It's way easier to change what you do, than to change what you are.

    An important part of praise is that it's important to constantly look for good opportunities to give it meaningfully. Not all the time, it's got to be specific, but unless you've got a positive relationship with your kid, there's nothing to withdraw when they're in trouble. They need to know you have a good opinion of them - not just to make them feel like unique snowflakes, but so that they can feel the loss when you are disappointed in them. Who wants to please a parent who only criticises? And if you only get attention when you're "bad", well what's the point of being "good"?

    Praise is the other side of criticism. I don't think either works alone.

    Date and time
    February 21, 2013, 9:54AM
    • I suppose I come from a different era as far as parenting goes, or maybe it was the way I was brought up. With my own three sons I always focused on what it was they were good at and gave feedback to help where they were not so savvy, and it was always along the lines of encouragement, as in the examples quoted in the above study rather than tell them what little clever clogs they were. And it does work. My boys are all really good at different things, both in academia and in their chosen careers.
      I trained as a teacher in later life and was absolutely amazed at how students would feel that they were masters of something because they got something right, but when it came to testing them on what they had learned and, more importantly, retained on a subject, many did appallingly. Chances were they were parented by the "aren't you clever/beautiful/wonderful" brigade. This lot would not extend themselves in a pink fit. It was curious that the students who were most likely to be (sadly) more likely to have disinterested parents who would do better because they got great feedback from me on their efforts as well as encouragement. These kids were the ones most likely to be considered underachievers by their peers and it was hard to gauge where this came from, because these were the kids of parents who avoided parent/teacher interaction.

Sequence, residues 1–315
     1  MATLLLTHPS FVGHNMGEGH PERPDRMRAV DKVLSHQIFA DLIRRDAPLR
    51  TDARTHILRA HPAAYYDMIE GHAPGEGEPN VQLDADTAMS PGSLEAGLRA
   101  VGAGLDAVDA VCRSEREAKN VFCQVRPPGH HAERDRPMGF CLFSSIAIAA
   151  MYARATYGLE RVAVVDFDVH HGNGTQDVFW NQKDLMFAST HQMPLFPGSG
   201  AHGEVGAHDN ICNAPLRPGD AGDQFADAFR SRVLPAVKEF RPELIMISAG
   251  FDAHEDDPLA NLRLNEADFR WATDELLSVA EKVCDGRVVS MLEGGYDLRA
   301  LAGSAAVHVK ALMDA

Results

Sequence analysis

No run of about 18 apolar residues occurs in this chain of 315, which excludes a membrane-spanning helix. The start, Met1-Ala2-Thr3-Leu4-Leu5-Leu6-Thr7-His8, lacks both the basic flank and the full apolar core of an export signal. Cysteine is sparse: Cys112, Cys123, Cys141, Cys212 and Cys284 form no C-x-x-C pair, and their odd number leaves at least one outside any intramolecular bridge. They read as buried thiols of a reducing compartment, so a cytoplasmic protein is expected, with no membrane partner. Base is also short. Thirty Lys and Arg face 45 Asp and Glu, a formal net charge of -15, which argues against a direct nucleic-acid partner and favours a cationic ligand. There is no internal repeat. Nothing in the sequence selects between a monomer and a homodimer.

Of course, this is only my observation and not scientifically based, but it always made me think about the different students and guess at their parents style.

      Mum of 3 / gran of 4
      Date and time
      February 21, 2013, 10:27AM
  • In your comment-bait opening you seem to be conflating the goo-goo excitement of scribbles and syllables of toddlers and early schoolers with tweens. Whilst a parent might encourage a child's drawing or talking by giving them praise in the hope they continue trying, tweens are a completely separate thing. It's hard to give uncritical praise once they're in school and bringing back report cards with C's or whatever. Tweens are where they start not wanting to be seen with you and get far more annoying as they're lmost two thirds of the way out of the nest and parents are far less goo goo over their every utterance.
    Also why would being deliberately barren make you better at seeing the prince and princesses? Unless you're expressing some subconscious jealousy you'll find that parents are more bitchy about how other parents raise their little einsteins and probably more capable of noticing this, given they're spending most of their life actively trying to parent and note what other people are doing the same way the couples doing renovations spend a whole lot more time looking at their friend's bathrooms and kitchens.

    Oh well I guess you had to give the study some colour and make it interesting.

    Date and time
    February 21, 2013, 10:04AM